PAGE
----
Minister clarifies social services report did not apply to entire island
NASSAU, BAHAMAS — Englerston MP Glenys Hanna-Martin and several governing members got into a brief, but heated exchange in Parliament on Wednesday night after the PLP MP referred to a recent assessment of unemployment in Grand Bahama in the aftermath of Hurricane Dorian stood.
A Department of Social Services assessment of Grand Bahama indicated that nearly 50 percent of people on the island were jobless.
The report, titled “Post-Hurricane Social Trends in Grand Bahama’, published on November 29, showed that there was a 60 percent rate of unemployment in West End; 47 percent in Freeport and 48 percent in East End.
Rising on a point of clarification in response to Hanna-Martin, Minister of Social Services Frankie Campbell said the Department of Social Services was not responsible for providing statistics on unemployment.
“The department of social services did some assessment only on persons who were affected by the storm,” Campbell said.
“So, the data collected and that was used in that report speaks only to persons who were affected in the storm, and that report was of those persons; not Grand Bahama in its entirety.”
Hanna-Martin said while she heard the minister’s point, the study did not reflect the same.
“That study showed 60 percent in West End and 50 percent in the rest of Grand Bahama — the same study that he speaks to,” she said.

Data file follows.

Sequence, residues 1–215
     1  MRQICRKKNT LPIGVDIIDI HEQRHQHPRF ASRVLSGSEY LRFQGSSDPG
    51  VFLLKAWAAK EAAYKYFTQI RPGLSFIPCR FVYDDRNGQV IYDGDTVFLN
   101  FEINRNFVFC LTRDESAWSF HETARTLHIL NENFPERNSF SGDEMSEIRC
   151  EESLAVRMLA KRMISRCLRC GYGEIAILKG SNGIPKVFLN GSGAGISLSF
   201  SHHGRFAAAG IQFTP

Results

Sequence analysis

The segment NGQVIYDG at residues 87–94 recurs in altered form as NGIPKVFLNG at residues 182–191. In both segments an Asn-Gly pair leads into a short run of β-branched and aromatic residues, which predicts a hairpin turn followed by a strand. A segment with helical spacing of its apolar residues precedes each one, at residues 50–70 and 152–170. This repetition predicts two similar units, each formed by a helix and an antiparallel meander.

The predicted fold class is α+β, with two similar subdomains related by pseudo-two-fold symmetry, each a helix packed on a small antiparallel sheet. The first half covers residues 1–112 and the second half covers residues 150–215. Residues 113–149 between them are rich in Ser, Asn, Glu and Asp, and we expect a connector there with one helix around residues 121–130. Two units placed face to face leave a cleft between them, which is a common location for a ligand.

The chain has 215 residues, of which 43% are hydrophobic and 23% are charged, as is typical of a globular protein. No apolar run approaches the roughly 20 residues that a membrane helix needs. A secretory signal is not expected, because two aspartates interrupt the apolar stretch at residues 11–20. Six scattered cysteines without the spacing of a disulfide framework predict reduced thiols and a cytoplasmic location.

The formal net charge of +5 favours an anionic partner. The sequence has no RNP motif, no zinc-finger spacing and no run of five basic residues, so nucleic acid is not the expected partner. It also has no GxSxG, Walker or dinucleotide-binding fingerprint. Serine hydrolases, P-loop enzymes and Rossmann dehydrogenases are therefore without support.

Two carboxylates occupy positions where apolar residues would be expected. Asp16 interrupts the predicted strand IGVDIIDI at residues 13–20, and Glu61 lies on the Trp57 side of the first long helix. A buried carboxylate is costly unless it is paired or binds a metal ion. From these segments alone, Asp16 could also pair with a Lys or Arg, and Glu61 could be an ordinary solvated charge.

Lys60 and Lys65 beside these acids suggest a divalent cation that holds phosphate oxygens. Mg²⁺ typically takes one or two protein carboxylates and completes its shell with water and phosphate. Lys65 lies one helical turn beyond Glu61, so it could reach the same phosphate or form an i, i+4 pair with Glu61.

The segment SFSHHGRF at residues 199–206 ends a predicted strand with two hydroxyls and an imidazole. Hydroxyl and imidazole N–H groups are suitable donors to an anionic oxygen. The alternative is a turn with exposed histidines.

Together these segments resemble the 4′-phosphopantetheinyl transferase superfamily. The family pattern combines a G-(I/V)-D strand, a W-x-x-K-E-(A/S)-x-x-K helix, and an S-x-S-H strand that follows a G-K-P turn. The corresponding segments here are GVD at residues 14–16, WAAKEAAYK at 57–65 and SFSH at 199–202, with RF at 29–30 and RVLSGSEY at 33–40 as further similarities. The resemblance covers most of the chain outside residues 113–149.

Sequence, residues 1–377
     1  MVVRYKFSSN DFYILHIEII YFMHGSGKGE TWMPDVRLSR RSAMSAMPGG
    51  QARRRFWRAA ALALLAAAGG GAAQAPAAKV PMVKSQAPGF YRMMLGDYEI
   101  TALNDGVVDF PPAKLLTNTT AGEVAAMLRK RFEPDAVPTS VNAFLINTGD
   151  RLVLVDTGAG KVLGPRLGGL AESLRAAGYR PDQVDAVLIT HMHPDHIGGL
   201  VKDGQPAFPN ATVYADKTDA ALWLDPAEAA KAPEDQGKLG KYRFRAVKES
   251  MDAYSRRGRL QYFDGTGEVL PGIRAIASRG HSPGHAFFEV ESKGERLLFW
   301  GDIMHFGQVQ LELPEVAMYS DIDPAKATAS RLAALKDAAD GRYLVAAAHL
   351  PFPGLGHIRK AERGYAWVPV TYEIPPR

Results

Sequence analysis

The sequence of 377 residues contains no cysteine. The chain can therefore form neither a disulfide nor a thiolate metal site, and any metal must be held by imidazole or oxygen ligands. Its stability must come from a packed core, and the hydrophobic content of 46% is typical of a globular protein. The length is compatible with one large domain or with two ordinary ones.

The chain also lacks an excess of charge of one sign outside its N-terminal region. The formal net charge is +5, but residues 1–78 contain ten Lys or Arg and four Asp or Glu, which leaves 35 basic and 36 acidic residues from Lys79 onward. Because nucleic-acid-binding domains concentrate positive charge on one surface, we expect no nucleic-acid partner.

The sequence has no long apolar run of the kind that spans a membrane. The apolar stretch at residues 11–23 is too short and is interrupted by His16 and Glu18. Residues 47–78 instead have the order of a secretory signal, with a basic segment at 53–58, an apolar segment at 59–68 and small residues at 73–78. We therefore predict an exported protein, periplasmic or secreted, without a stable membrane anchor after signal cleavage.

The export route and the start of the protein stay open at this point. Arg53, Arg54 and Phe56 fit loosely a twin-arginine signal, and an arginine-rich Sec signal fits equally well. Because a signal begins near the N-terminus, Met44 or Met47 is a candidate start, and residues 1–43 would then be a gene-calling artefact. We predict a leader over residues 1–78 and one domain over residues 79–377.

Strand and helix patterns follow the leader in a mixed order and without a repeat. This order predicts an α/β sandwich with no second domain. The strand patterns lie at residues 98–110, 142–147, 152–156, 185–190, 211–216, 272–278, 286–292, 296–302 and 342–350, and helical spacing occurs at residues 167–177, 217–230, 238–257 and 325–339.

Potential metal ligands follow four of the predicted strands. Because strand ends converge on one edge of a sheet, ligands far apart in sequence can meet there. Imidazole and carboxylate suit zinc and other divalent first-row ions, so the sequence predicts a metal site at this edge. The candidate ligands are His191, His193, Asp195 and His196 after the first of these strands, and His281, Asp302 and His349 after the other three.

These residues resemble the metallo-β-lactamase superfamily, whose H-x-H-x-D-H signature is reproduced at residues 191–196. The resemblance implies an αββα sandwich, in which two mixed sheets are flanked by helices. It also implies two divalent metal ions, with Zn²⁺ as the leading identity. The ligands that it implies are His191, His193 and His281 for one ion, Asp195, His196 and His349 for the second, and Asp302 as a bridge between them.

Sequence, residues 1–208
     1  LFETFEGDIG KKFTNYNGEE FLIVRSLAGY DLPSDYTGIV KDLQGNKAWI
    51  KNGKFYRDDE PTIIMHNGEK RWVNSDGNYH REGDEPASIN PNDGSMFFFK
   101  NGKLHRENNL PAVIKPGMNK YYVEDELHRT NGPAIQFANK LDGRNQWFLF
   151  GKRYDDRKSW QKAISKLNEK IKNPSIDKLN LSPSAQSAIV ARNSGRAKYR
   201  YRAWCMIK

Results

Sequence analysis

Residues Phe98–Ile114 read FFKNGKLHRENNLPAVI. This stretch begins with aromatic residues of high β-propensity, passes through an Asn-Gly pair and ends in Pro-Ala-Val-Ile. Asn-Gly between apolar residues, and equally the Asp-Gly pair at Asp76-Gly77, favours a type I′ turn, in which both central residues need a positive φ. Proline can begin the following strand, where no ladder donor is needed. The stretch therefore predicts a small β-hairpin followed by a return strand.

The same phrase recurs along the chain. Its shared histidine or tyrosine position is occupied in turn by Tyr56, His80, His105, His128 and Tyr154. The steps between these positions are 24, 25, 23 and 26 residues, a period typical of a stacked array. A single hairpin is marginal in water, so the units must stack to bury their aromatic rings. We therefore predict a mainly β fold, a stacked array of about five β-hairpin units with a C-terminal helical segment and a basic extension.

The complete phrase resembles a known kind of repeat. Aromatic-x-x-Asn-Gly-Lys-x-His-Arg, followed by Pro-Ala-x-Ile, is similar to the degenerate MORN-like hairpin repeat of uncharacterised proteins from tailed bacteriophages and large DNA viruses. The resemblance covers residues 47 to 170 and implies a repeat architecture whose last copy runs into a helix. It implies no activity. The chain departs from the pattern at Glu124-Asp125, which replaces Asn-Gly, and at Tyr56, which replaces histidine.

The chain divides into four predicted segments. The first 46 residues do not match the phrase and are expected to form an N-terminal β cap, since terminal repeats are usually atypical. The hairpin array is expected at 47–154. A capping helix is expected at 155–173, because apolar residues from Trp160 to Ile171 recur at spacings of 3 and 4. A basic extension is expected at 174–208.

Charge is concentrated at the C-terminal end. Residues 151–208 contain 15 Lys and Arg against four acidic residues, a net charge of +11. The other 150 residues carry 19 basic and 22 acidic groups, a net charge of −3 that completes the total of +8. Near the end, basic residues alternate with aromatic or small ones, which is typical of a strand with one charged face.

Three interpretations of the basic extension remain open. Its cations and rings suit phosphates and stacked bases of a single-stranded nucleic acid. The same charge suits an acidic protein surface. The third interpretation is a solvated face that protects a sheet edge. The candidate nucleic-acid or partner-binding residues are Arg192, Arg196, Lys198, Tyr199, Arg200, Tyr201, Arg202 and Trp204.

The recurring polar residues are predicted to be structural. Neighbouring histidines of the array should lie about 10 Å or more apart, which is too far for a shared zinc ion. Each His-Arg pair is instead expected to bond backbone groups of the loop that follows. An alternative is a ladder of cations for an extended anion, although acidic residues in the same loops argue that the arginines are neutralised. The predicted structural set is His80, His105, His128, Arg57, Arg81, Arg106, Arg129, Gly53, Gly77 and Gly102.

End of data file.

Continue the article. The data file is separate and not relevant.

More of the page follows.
“Well, Mr. Deputy, let me advice the government. Do not nitpick with me you know. Your people did the report man. You’ve got a problem with the report, talk to your people. I don’t want you to tell me ‘but yeh, but yeh, but yeh’; listen, take it up with the minister.
“Take it up with the minister. … I don’t want to no if, if, if. We have a report and that is what is on the record.”
Earlier in the row, Deputy Prime Minister and Minister of Finance Peter Turnquest said unemployment in Grand Bahama has increased as a result of the destructive storm, “but it is certainly not 50 percent”.
Turnquest, the East Grand Bahama MP, suggested Hanna-Martin was being misleading.
However, Hanna-Martin refuted the claim, and underscored that the report was released by a government agency.
“The member likes to talk about who is misleading and we don’t want to go there because that is another conversation altogether,” she said.
“It was a government agency that released this report and that is overseen by a minister who sits around the Cabinet table and that made the public domain. So, I hear what you are saying about misleading, but these are the findings.
“You can tear them apart if you want, but have that conversation with your colleague minister. But right now, we in The Bahamas have been told by a legitimate, respected agency, going door to door, speaking to people I a very different way; they have told us that at least 50 percent of workforce is out of work in Grand Bahama.”
At one point, House of Assembly Deputy Speaker Don Saunders sought to intervene.
As governing members continued to object from their seats, Hanna-Martin said: “I am not facetious and I don’t play in here.”
Dorian struck the northwest Bahamas in early September. The record storm leveled communities, impacted over 29,000 people and killed at least 71.